Tagged to the notion of conditioned power is uninterruptible power. Uninterruptible power systems are just that: sources of "virtually" uninterruptible power. The "virtual" piece is somewhat subjective. In order for power to truly be uninterruptible, it must be supplied via a series of fault-tolerant and redundant subsystems, and be backed by commercial and private power sources, which include batteries and generators. The generators also need fuel to run continuously, so this is also a consideration when designing the logistical portion of an uninterrubtible power system. These systems are available in a variety of sizes, from small standalone systems to huge multi-tiered installations. Sizing the unit is a basic prerequisite. The load of a large server-farm will crush an undersized UPS. This holds true for any power solution you may be planning, including uninterrupted power backed by generators. If the server load exceeds the kW output of the generator, it will stall under that load once power is phased in.

I've seen it happen. Believe me, it's not a pretty sight. An in-depth discussion regarding uninterruptible power is especially timely if you are doing anything pertaining to a data center at this time. I say this to remind you of the current energy crisis in the U.S., and the rolling blackout conditions which occur almost daily in several parts of the country. If your firm has already located, or is planning to locate, any mission-critical applications in these affected areas, now is a good time to truly evaluate the power situation in your existing, future, or outsourced data center.

Grounding is another critical factor in the power equation. Improper grounding of main and branch circuits can create ground loops, inviting potentially disastrous situations to all grades of computing equipment. I can't stress how important proper grounding is, especially if your data center is located in a geographic area prone to lightning strikes.

Environmental Conditions
Servers generate heat. Several colocated servers generate lots of heat. Not a problem, you say? You've got these servers isolated and in their own big room with plenty of AC ducts overhead. Problem solved! Well, maybe not. Is the conditioned air supplied to the data center part of the office air conditioning? If it is, then chances are that that same system will supply cool air in warm months and warm air in cooler months. The last thing you want is a heated data center in the winter. So, this piece requires some thought. Don't forget about windows. Windows to the outside world (especially ones with a southern exposure) can potentially bring in lots of heat on sunny days, so plan on tinted windows, blinds, or shades.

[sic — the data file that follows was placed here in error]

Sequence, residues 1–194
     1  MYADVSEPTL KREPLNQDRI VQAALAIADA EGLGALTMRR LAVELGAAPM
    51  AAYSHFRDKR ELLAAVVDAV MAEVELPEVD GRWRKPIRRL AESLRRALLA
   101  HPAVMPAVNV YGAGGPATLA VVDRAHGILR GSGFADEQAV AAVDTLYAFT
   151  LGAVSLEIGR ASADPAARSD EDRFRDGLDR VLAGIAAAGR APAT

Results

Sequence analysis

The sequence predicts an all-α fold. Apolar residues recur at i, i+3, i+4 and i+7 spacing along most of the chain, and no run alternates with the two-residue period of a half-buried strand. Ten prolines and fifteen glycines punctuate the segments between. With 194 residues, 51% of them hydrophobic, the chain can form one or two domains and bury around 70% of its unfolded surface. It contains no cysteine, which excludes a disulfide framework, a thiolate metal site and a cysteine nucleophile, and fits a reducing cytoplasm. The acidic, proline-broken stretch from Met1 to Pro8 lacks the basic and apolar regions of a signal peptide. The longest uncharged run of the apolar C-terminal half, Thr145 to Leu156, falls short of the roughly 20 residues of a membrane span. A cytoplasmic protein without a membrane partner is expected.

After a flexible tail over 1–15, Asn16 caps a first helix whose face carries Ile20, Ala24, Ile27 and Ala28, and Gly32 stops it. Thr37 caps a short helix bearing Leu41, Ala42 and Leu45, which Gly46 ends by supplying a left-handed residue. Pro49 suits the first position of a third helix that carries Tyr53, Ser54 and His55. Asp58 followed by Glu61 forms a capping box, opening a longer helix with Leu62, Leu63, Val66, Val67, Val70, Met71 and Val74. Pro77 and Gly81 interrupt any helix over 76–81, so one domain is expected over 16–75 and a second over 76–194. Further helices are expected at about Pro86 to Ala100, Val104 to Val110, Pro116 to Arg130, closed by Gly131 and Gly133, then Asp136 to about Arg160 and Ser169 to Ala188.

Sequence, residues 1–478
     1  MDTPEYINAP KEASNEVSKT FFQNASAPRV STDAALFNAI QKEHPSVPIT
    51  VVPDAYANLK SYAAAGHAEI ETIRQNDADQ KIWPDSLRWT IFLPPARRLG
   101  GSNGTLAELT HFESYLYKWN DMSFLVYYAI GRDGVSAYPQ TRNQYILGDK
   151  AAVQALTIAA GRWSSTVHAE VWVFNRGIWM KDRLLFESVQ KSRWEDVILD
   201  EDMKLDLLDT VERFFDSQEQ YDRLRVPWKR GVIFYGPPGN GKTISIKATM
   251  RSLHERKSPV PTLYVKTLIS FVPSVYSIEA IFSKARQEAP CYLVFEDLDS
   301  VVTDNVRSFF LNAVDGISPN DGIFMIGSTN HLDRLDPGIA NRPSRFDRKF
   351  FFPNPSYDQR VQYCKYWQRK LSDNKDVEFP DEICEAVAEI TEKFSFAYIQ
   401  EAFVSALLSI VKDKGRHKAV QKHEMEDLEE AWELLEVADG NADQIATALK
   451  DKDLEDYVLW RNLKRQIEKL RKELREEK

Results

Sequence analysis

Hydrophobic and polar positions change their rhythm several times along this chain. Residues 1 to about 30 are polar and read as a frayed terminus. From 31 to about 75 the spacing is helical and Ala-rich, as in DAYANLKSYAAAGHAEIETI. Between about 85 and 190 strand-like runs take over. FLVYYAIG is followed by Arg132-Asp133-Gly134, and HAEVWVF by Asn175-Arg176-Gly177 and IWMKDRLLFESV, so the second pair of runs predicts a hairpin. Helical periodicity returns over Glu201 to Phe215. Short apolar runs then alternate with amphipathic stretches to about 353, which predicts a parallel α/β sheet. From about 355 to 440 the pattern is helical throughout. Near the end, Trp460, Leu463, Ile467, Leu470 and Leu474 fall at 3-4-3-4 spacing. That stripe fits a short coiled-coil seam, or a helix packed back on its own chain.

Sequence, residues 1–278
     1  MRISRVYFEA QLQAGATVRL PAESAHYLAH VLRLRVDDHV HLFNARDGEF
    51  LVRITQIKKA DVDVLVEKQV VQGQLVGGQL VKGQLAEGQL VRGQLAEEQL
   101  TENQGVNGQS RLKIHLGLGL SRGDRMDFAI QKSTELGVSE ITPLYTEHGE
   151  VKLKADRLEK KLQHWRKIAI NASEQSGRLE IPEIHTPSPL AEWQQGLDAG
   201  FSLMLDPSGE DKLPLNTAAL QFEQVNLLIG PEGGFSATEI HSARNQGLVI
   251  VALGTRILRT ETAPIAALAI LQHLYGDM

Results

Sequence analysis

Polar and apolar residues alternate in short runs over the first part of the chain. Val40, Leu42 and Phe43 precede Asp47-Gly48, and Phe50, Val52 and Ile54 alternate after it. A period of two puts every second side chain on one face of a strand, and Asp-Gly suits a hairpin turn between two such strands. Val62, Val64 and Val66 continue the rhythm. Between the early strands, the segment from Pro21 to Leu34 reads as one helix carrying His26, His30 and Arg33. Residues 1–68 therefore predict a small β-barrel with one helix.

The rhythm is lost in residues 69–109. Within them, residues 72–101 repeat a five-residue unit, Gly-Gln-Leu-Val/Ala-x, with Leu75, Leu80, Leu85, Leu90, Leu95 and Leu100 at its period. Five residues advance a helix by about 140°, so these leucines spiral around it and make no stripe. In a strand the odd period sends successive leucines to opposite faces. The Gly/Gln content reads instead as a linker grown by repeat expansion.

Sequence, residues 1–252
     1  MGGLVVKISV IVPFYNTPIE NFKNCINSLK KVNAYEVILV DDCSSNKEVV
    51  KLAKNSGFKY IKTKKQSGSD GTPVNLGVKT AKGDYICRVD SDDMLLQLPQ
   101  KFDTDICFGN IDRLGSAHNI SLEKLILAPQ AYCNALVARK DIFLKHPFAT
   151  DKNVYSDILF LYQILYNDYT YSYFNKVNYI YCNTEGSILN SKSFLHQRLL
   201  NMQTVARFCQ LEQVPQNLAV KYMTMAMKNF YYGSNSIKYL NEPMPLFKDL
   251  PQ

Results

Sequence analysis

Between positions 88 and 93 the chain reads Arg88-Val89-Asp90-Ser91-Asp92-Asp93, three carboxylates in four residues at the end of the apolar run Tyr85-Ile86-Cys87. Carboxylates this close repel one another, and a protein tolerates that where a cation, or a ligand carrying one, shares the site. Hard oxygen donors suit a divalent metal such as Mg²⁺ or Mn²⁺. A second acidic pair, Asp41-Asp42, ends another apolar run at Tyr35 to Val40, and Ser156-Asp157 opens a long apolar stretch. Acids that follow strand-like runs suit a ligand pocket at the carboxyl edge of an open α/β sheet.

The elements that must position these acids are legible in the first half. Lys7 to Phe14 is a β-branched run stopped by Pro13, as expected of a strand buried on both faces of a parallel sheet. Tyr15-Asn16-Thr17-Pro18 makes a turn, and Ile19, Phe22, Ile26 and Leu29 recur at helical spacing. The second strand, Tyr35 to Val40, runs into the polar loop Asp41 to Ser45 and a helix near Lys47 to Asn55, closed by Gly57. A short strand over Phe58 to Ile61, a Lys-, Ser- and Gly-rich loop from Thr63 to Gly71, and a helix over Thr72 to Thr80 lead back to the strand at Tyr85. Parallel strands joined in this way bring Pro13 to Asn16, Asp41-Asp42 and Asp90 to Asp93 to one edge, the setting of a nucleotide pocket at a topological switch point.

Large-scale data centers designed for that purpose typically come equipped with large air conditioning units installed within the data center itself. These systems provide conditioned air, properly cooled and humidity controlled. Too little humidity promotes static electricity; too much promotes sweat on or near heat-producing equipment. Smaller, standalone AC systems are available for small-scale data centers.

The last piece of the AC puzzle pertains to how the conditioned air is distributed. Properly directing the cool air is critical to its effect on application server farms. Physical placement of the servers feeds into this as well. For instance, the density of installed servers per square-foot of floor space determines the combined BTU output. If there is no available space on the side or back of the servers, airflow into the units is severely limited. Likewise, if the servers are positioned front-to-back, you are almost guaranteeing that having many servers in a high-density server installation will result in overheating. Back-to-back server installations are smarter, providing that you take some precautions, which we'll discuss later.

Physical Security
Think this isn't important? Think again. Do you really want your application lifeline hidden under John the Programmer's desk? No. So, what do you do? This is one of the reasons you want a data center in the first place - controlling access to the boxes and protecting them from physical harm.

Those windows discussed in the previous section may also pose a unique security concern. It's easier to break through glass than brick and mortar. So once again, planning is key.